8 – I think that it’s lonely at the top. Just ask the BC Thunder. As defending NRL Champions, I am pretty sure every team in the League has them on their rival list. They hold the title until early April, and until then everybody is out to beat ‘the best’. The field is wide open and the title for the 2012-13 season is up for grabs. Who will have a ‘lonely season’ next year?
9 – I think that I have one non-rivalry thought to share this month. Hats off to all of the NRL athletes who competed at the U19 World Ringette Championship in London and then turned around a day of two later to take part in regular season NRL games. Most people would probably have taken a break and recovered for a couple days (or weeks), but the high performance athletes that you are pushed you to continue to compete for yet another weekend. I admire you all.
10 – I think these are my non-NRL thoughts:
1. I think that I cannot even put into word how great it was to see ‘Canada wins Gold!’ for the first time in ten years. Hats off to all of those who made this happen behind the scenes. Congrats and thank you to the athletes and coaches for bringing the title back to Canada.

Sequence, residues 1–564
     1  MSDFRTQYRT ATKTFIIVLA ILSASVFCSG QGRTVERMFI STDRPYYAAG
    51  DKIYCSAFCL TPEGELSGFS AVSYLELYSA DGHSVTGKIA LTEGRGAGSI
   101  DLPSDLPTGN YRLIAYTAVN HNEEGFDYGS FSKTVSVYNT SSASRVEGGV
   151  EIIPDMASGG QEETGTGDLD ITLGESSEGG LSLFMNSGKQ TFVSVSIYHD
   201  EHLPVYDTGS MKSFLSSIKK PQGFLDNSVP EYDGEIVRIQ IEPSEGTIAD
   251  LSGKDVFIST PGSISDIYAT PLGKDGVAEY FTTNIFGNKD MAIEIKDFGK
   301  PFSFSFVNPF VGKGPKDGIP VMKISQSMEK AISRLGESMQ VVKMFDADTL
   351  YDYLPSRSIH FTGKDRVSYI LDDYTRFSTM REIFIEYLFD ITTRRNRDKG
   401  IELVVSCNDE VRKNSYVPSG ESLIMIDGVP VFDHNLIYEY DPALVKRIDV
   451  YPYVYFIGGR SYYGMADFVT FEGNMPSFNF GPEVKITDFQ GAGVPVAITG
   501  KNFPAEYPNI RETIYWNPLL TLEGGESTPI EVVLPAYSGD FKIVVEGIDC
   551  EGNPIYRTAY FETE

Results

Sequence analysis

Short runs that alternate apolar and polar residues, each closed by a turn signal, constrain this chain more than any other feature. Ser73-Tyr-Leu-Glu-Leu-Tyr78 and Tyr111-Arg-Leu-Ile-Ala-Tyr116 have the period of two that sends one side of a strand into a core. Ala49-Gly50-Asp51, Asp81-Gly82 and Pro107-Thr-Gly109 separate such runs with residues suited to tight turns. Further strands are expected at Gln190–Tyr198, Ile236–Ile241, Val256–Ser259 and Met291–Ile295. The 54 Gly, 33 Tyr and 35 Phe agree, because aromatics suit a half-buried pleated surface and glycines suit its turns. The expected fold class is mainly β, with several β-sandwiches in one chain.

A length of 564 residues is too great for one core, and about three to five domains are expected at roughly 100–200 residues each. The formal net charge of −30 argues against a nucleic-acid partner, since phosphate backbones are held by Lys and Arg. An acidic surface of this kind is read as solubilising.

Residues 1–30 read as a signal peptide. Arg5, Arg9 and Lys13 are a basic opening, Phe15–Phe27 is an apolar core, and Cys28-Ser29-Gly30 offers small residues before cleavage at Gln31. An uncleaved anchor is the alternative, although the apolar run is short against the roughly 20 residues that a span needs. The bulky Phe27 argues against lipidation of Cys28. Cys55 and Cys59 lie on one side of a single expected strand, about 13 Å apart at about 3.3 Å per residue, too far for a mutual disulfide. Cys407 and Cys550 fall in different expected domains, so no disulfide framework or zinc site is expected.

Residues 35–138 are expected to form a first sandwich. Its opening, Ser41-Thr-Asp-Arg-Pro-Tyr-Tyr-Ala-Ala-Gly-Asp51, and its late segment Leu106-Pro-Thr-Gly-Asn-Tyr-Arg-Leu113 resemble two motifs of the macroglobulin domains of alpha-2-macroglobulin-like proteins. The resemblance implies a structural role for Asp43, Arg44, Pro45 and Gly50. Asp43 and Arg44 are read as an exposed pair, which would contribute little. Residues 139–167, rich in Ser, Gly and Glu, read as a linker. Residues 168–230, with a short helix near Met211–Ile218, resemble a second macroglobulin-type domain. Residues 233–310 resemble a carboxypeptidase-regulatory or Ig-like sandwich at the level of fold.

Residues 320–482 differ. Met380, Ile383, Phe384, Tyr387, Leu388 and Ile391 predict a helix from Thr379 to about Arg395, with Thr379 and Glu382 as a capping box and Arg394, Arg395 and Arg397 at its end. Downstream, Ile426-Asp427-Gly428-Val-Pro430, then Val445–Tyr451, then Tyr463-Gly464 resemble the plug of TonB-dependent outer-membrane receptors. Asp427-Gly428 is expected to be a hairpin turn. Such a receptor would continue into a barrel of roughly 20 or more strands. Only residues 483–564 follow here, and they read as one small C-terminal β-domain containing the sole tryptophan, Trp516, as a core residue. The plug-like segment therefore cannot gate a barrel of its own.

2. I think that Samantha Belle and Junior Jacks are just plain cool! Having our Come Try Ringette characters come to life as part of the 50th anniversary celebration (www.ringette50.ca) is exciting. Keep your eyes open for your chance to snap up a photo with our new ringette mascots and did you happen to check out their bios to see who their favourite NRL players are?
3. I think, well actually I know that the U19 World Championship webcast were a hit! Over the course of the event, 9300 viewers tuned in. Now I think it is safe to say that in most cases groups of people gathered to watch the games. On the final day 2386 viewers tuned in on what was the most viewed day of the event. Thank you all for tuning in! A shout out to our commentator Lindsay Deveaux who was ‘the voice’ of the event and her helpers Terri Nosal, Sheri Markle and David Singh.
4. I think it was great to see Canada’s national newspaper, the Globe and Mail cover our sport twice in eight days (December 26 and January 3). It doesn’t happen often that our sport enjoys such high profile coverage, so a big shoutout and thank you to the Globe!